Draw Down The Darkness
by Naomi Bellis, historical/paranormal (2007)
Signet, $6.99, ISBN 978-0-451-22095-0


Draw Down The Darkness features a plot that is not typically found in a spy-themed historical romance set in England. Unfortunately, I find the way the author deals with her story pretty disappointing.

The plot is pretty simple. Nicholas Saville, Viscount Redfern is secretly a spy working for Sir Alaric, the voodoo dude and spy boss of everyone in England, because Sir Alaric can easily reveal to all that Redfern's brother committed suicide instead of merely dying of natural causes and therefore ruin the family name. In the process, he leaves his sweetheart Helen Barrett hanging for so many years that, when the story opens, she's had enough and tells him pretty much that they should start seeing other people.

In the meantime, the Earl of Waring, makes it clear to Helen that he would like to know her better. Helen is practical enough to realize that a marriage to Lord Waring is sensible since not only he is rich and handsome, he is also powerful enough to help her brother achieve his political ambitions. Yet, Lord Waring is no Nicholas and there is something about Lord Waring that gives her the creeps. Alas, Lord Waring only has to gift her a magical necklace that she can't take off and she falls literally under his spell. Can Redfern save her from Lord Waring? Conveniently enough, the main suspect in Redfern's quest to unmask a traitor aiding the French in creating trouble in Ireland is Lord Waring...

Draw Down The Darkness is not a most interesting romance because most of the time the heroine is befuddled or disoriented thanks to the effect of the necklace she is wearing. The reader will have to accept that Redfern and Helen have this special something that have already taken place before this story begins. I have no problems with this if the story is interesting enough, but in this case, Ms Bellis makes what I feel is a fatal mistake when it comes to Redfern: Redfern doesn't do anything at all when it comes to Helen. He won't tell her what is going on, thus leaving her utterly confused about his feelings about her. He keeps telling himself that she is better off without him, but at the same time he keeps sending mixed messages to poor Helen. If he can come clean to Helen, this story would be so much shorter, but then again, I suppose this idiotic man believes that the world will love him more if he plays the martyr.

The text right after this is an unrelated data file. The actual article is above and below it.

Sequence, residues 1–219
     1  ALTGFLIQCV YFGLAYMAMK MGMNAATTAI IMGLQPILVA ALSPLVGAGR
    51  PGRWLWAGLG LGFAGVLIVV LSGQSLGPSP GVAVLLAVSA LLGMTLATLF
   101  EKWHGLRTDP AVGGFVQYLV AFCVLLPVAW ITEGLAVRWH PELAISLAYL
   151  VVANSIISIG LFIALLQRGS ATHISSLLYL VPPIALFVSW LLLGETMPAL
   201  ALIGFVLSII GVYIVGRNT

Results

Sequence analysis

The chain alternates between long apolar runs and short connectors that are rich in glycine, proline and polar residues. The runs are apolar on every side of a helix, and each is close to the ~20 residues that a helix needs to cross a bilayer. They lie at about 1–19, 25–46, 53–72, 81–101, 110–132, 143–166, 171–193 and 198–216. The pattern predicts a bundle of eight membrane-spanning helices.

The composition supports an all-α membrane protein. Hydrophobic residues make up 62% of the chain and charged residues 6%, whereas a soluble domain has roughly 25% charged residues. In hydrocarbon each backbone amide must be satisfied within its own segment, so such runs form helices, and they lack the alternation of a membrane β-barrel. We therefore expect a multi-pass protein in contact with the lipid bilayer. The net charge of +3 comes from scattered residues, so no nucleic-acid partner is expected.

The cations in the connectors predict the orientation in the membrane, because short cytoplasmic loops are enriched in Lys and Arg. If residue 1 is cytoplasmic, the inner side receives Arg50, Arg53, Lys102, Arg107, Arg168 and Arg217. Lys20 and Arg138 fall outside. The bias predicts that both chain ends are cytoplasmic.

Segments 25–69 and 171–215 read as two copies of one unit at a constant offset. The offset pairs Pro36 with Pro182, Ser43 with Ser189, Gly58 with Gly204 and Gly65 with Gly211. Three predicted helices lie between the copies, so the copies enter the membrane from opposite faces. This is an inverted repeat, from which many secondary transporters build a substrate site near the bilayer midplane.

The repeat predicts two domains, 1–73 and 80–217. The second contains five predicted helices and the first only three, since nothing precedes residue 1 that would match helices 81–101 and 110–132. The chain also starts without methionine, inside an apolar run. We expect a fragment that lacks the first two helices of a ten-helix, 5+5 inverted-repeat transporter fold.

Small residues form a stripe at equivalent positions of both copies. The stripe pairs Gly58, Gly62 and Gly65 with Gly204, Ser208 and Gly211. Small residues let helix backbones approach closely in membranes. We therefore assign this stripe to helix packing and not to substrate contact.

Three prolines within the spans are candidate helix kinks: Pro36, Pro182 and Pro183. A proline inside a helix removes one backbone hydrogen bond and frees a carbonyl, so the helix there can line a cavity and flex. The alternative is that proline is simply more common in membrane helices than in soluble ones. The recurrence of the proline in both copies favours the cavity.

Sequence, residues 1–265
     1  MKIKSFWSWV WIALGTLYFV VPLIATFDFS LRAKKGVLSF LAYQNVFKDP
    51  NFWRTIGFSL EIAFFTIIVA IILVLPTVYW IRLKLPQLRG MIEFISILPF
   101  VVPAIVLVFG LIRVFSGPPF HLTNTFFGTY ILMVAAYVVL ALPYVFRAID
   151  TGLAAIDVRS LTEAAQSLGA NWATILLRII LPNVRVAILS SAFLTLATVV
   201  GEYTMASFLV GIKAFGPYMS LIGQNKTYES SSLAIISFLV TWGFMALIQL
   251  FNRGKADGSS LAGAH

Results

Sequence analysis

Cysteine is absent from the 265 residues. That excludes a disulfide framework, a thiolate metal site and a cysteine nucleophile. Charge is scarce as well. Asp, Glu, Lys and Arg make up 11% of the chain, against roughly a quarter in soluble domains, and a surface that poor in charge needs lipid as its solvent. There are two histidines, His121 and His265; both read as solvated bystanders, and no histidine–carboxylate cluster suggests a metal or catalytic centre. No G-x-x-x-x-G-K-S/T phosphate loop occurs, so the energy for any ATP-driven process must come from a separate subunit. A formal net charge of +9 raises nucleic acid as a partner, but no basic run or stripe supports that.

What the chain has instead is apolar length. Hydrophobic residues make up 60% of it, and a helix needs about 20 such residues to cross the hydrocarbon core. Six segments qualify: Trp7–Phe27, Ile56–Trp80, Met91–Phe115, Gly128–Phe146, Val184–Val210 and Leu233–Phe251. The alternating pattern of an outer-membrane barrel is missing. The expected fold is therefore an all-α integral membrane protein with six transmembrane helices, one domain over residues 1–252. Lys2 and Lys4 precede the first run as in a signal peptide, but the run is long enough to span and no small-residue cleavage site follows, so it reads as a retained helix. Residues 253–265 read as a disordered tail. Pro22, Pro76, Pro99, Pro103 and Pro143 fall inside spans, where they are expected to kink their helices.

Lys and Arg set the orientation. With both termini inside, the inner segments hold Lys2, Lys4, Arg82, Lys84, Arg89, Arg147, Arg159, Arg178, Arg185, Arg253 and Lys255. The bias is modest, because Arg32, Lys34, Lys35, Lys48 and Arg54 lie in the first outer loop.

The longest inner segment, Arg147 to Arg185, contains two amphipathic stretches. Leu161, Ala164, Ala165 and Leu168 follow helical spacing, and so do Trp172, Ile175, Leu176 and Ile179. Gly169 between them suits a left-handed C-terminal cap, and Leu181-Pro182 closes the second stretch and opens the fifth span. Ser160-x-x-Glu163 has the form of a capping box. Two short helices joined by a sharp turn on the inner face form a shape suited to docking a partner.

Speaking of his angst, I think Nicholas is a moron because he's deliberately hurting the woman he claims to love because he insists that he needs to keep his family name intact. No, it's not that he wants money for himself you see, it's that his younger sister needs new shoes and all that jazz. His continuous justification of his deception of Helen ends up making me convinced that Helen is right at first when she feels that she will always come second to Nicholas. He knows that she is hurting, and in this story, she is literally hurting, but he won't even tell her anything to clear her confusion. I find that reprehensible, especially when he claims to love her so much.

And even as a spy, Nicholas comes off as horribly inept here. When he is supposed to be on a spying mission, he tends to dwell in his thoughts, lost in the past, until he spots Helen and becomes completely distracted. He gets involved in public confrontations. His method of interrogation is as subtle as a jab in one's eye with a knife. Sir Alaric must be senile to keep this man on as a spy for so long because Nicholas isn't a good spy, he's just a self-absorbed passive whiner.

Helen comes off as a very real character here. She's not stupid, except maybe when it comes to her inexplicable attraction to Nicholas. She has spirit and willpower, but alas, for most of this story, she's confused and weak due to the effect of the necklace. Nicholas could have made up for the lack by stepping up and being an interesting character in his own right, but he doesn't do anything here. He doesn't tell her what is going on, he doesn't have the decency to stay away from her since he wants to drive her away for her own good... he doesn't do anything but to whine and act like a silly emo here. Poor Helen can't carry the story on her own, although by the late half of the story when she shrugs off the effect of the necklace, she actually does pretty much everything that the hero sets out to do. That only makes me wonder why Ms Bellis would choose to saddle a heroine like Helen with that wet blanket Nicholas. Is she trying to torture me?

I find Draw Down The Darkness an interesting story due to its not-so-typical plot and strong heroine, and I only wish that the hero has been a different person with a different personality here.

Rating: 72


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